THINKING ABOUT BUYING A NEW CENTRAL AIR CONDITIONING SYSTEM? HERE ARE SOME TIPS
Posted on September 15, 2015
Most standard brands available today are Rheem, Trane, American Standard, Carrier, Bryant, Lennox, York, Amana and Goodman. Other Brands such as Maytag, Frigidaire and Tappan which are manufactured by Nordyne. Non standard brands such as Florida Heat Pump (FHP), First Company and Mitsubishi.
It is very important that you purchase the correct size system for your home regardless of the size you currently have. What I mean by that is, don’t just replace with the same thing you have now. It could be mis-sized and causing you problems that you are not aware of such as short cycling (causing humidity problems) or over working (shortening its life span).
Today’s systems are different in design then your older system. In order to achieve the higher efficiencies, they have installed a TXV valve which regulates the flow of the refrigerant. These keep the units from working inefficiently but do not allow for deficiencies in sizing.
The best way to properly size your new system is to have your contractor do a Heat Load Calculation also known as a Manual J. If not, as a general rule of thumb, 500 sq. ft. per ton of a/c living space for a single family home (example 2000 sq. ft. of a/c living space is a safe bet at 4 tons) . Factors may vary depending on exposure of home, how many windows and type, attached or free standing home, single story or 2, inadequate insulation in attic and leaking ductwork.
Your contractor should also check your ductwork in the attic to make sure it’s sized properly for the new system. Don’t assume or let him tell you it’s fine if he hasn’t looked (red flag).
Acronym for Seasonal Energy Efficiency Rating. The higher the SEER rating the lower your electric bill. Some utility companies offer rebates based on the SEER rating. 13 SEER is the minimum rating allowed by law and can go up to 21 SEER or higher depending on the brand. Keep in mind that the higher the SEER the more costly the equipment. For a single stage unit 16 seer is about the highest and probably the most popular now because of price.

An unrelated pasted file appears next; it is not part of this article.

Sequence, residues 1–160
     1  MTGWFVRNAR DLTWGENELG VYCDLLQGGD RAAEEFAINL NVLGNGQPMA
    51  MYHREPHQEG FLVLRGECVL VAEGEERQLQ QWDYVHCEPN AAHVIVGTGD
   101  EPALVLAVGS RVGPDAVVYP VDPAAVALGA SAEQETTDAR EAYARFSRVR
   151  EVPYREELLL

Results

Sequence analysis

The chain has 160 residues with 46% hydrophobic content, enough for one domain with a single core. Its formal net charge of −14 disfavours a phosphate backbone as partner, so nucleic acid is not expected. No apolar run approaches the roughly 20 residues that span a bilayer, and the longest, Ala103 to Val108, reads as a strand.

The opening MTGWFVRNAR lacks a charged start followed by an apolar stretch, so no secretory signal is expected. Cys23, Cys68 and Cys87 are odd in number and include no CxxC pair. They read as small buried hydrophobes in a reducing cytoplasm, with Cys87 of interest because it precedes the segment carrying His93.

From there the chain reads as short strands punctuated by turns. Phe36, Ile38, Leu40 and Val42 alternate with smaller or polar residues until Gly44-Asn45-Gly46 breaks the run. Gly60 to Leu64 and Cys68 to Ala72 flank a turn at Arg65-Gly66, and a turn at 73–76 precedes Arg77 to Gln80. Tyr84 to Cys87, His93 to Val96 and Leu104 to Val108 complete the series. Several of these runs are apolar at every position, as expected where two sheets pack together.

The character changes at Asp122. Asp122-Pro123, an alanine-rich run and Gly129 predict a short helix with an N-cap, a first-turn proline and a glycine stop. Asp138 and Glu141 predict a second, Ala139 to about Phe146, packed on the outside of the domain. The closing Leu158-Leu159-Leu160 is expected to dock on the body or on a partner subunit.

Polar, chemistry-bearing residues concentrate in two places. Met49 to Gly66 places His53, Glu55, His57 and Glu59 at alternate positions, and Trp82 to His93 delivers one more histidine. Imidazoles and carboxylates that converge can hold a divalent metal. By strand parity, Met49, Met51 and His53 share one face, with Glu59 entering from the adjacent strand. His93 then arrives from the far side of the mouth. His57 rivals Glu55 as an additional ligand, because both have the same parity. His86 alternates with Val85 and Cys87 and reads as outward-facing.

Types of Central a/c systems:
Split systems, package units and water source heat pumps (less common and usually in high rise condos). A split system has 2 units, a condenser outside and an air handler inside. A package unit has both in 1 on the outside. A water cooled unit has both inside and is connected to a water source.
Single Stage vs. 2 Stage:
Single stage system is the least expensive and the more common system. It uses one compressor in the outside unit (condenser). A 2 stage system has either 1 compressor that changes speeds or 2 compressors that change back and forth according to demand. A 2 stage unit also has a variable speed air handler. The benefit to the 2 stage system is better humidity control, better air circulation and quieter operation.This system will keep your home feeling more comfortable over the course of a day because it adjusts to the changing environment of your home. Factors such as outside temperature, direction of the sun as it relates to your home and humidity will be compensated by this system.Also check your old thermostat.You might have to replace it and get a new one preferably programmable type that support your system.
Types of Heating: